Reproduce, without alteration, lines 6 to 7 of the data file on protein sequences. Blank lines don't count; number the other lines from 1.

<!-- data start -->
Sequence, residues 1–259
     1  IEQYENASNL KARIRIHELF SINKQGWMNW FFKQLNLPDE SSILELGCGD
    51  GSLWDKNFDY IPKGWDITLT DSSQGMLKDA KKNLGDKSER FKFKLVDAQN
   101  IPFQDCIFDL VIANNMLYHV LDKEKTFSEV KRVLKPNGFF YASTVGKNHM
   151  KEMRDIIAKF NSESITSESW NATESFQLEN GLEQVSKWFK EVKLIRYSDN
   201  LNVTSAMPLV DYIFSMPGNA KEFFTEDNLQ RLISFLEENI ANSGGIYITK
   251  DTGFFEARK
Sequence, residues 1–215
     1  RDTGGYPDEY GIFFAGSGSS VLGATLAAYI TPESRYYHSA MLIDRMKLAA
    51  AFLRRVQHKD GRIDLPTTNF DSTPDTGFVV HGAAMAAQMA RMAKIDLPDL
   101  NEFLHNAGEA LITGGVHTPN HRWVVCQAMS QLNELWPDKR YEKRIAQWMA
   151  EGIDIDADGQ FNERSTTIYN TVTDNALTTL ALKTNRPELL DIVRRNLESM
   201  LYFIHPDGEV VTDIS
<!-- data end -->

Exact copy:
   201  LNVTSAMPLV DYIFSMPGNA KEFFTEDNLQ RLISFLEENI ANSGGIYITK
   251  DTGFFEARK